Over the past year there has been a worrying trend of government agencies being hit by ransomware, with nearly a fifth of them actually paying up. Currently this is sweeping the US, with over 50 reported successful attacks in the past year alone. Who knows how many there were that were not reported? This hasn’t seemed to hit the UK as hard so far, although the big hit on the NHS in 2017 is a sign that we are under threat too.
A worrying problem with the US government agencies is that they tend to not have the infrastructure in place to deal with the fallout from a ransomware attack. There often isn’t a backup solution in place to simply retrieve the information, so they are coughing up ransomware demands of up to $460,000, as Lake City in North Florida did recently.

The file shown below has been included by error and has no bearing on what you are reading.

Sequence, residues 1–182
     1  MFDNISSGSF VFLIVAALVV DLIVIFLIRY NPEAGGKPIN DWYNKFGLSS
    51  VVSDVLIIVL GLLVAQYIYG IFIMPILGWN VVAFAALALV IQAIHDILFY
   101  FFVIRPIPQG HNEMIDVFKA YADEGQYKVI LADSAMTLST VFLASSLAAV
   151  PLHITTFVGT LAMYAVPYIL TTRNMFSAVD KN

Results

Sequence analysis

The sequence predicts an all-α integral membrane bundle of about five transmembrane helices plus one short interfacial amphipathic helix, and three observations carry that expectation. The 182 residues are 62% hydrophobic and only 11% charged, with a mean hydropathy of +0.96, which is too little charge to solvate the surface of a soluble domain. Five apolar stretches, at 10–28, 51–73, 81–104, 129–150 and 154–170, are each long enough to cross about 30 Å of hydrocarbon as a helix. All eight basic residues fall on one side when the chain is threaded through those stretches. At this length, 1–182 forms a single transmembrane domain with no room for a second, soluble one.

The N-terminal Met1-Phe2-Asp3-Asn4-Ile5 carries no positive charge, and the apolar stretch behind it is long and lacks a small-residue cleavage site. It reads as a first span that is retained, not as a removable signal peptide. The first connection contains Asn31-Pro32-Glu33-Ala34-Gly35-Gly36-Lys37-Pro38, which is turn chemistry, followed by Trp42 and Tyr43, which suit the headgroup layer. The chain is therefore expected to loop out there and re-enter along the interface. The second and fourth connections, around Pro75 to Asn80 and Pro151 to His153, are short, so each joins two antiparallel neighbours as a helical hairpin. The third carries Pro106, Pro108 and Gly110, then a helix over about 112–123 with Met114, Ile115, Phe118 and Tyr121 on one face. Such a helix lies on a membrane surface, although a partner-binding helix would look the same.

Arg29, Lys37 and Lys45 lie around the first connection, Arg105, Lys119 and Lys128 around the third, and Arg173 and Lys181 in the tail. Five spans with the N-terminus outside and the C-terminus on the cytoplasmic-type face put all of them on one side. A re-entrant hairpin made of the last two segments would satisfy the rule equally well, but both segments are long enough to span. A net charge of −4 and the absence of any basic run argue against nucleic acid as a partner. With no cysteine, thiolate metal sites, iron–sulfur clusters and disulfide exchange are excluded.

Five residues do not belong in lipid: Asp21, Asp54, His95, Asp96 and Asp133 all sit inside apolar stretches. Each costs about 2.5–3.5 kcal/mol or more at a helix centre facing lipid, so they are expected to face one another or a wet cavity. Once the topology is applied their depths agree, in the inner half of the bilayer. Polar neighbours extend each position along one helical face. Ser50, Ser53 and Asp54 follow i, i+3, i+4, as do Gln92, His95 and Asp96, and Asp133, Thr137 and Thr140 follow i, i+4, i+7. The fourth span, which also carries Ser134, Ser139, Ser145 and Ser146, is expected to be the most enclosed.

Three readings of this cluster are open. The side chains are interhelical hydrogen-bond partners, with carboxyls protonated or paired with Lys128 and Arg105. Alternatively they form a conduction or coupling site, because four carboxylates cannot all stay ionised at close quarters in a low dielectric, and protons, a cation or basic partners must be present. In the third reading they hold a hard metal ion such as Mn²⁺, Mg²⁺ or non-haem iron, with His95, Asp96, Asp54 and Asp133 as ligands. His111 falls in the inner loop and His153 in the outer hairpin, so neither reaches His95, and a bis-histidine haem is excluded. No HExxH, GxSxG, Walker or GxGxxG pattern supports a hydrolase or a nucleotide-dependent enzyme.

The alternative to paying is rebuilding everything from the ground up, but this can be even more costly in the long run. Atlanta and Baltimore refused to pay $51,000 and $75,000 respectively, but the combined cleanup has cost them over $25,000,000. This isn’t to say that they should have paid; their systems may still be vulnerable after paying and they may have not even got their data back.
However, it isn’t all big attacks on local governments. Some are segmented much smaller, hitting targets such as libraries, schools, housing authorities, etc. There are reports of these companies having to get out old typewriters to work as their systems were down for so long. This shouldn’t be acceptable 20 years into the 21st century.